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National Tactical Officers Association (NTOA) Introduces a New Five-Day SWAT Commander II Course

By November 17, 2014No Comments
National Tactical Officers Association

National Tactical Officers Association

The National Tactical Officers Association (NTOA) is pleased to introduce a brand new five-day SWAT Commander II course to its training course roster. This course was first introduced at the 31st Annual NTOA Tactical Operations Conference and Trade Show, held in Mobile, Alabama in September. The course took two years of development by the NTOA cadre to create a new learning experience for commanders and their professional training path, moving toward a more academic offering.

The SWAT Commander II course is designed as a follow-up to the SWAT Command Decision-Making and Leadership course. A comprehensive array of topics will be discussed which will aid students in their role as leaders within their units and agencies. The class includes intensive academic and theoretical components. Students will conduct research, participate in analytical discussions and produce written documents.

For those interested in attending a future SWAT Commander II course, the instructional blocks, along with a brief description of what to expect, are listed as follows:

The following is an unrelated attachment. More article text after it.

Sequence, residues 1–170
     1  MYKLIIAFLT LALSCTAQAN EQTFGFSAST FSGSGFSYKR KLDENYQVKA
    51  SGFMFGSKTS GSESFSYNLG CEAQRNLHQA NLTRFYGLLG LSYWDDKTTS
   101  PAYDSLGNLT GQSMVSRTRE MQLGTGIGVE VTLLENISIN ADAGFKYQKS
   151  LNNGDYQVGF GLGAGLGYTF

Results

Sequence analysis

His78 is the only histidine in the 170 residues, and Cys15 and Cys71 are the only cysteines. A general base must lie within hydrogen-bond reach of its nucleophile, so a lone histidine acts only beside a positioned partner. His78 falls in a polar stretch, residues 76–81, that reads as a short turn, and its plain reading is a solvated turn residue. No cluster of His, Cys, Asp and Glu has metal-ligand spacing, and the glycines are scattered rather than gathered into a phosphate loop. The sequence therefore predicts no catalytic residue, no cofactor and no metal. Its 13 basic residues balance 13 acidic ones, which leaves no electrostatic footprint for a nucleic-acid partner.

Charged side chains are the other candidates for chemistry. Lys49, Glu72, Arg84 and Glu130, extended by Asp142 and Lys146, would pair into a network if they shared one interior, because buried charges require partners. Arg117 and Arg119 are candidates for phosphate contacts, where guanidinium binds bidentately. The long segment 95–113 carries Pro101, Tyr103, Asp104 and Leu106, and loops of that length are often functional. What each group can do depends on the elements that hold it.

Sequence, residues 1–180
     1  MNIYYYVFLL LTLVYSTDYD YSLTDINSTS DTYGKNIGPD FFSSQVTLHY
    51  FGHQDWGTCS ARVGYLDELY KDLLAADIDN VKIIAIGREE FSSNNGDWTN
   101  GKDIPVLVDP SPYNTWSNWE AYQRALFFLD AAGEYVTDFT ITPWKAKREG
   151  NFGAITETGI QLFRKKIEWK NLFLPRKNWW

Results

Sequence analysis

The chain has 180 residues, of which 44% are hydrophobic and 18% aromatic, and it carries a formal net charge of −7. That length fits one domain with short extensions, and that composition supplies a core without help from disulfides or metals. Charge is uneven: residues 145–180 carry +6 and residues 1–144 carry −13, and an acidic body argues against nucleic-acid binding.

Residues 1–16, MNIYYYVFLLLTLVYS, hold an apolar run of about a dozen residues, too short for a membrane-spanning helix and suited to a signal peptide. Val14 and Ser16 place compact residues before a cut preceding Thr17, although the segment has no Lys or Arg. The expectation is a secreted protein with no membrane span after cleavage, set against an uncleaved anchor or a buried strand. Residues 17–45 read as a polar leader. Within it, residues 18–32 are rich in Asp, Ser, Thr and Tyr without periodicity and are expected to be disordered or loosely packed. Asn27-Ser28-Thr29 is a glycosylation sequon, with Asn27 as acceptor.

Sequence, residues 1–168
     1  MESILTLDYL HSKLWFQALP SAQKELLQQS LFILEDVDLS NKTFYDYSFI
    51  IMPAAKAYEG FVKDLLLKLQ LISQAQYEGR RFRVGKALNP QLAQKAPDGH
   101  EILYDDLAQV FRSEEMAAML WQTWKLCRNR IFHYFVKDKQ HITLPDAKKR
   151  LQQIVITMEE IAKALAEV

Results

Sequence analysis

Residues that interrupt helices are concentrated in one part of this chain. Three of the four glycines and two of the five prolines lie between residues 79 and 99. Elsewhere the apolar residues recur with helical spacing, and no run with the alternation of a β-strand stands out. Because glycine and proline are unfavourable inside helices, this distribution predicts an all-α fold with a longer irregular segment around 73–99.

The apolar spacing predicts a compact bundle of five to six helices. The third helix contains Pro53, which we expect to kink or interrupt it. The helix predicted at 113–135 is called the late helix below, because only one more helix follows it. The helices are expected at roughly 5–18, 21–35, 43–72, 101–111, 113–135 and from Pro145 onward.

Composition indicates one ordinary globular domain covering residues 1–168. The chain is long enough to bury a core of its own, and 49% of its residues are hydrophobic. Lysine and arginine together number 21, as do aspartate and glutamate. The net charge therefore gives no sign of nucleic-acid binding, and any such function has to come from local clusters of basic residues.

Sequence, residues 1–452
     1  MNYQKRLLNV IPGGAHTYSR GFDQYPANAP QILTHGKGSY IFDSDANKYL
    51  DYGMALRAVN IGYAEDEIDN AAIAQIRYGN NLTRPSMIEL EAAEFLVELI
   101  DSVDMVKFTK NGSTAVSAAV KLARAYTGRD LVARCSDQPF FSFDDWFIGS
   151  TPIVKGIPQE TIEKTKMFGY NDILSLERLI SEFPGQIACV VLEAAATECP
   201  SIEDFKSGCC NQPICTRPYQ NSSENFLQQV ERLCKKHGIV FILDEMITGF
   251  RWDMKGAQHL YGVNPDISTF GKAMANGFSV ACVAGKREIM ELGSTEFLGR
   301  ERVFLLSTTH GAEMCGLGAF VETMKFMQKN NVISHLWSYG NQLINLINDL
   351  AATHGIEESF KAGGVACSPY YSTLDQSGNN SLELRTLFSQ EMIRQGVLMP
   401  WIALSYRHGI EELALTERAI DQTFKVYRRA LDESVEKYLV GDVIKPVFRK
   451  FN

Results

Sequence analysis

• Command Responsibilities During Officer-Involved Shootings: This block will provide insight into the commander’s responsibilities and provide a framework to assist them in their duties after an OIS incident. At the conclusion, students will be able to develop a protocol to follow, unique to their department, utilizing the framework provided and if desired, develop a checklist from the protocol to ensure that all required command responsibilities have been addressed.
  • Problem Solving, Analytical Thinking and Decision-Making: This section explores problem solving methods and provides an opportunity to utilize several methods to solve issues or problems that the commander or team may be experiencing. Students will be able to apply one or more of the problem solving methods they have learned to future problems, show an understanding of how problem solving can be utilized during operational planning, apply problem solving techniques to assist in decision-making during an ongoing operation and develop checklists for different situations to enable consideration of alternatives.
  • Understanding the Relationship between Tactics and Tempo – Incident Response Strategies and Theory: Provide insight into and facilitate discussion about what is termed “operational art.” At the conclusion of this block, commanders will understand the relationship between tactics and tempo, the importance of the human dimension in conflicts, how to analyze a suspect from a strength and vulnerability standpoint, how to formulate a desired outcome for an incident, plan and assign missions based upon the desired outcome and establish a process to follow to achieve that outcome.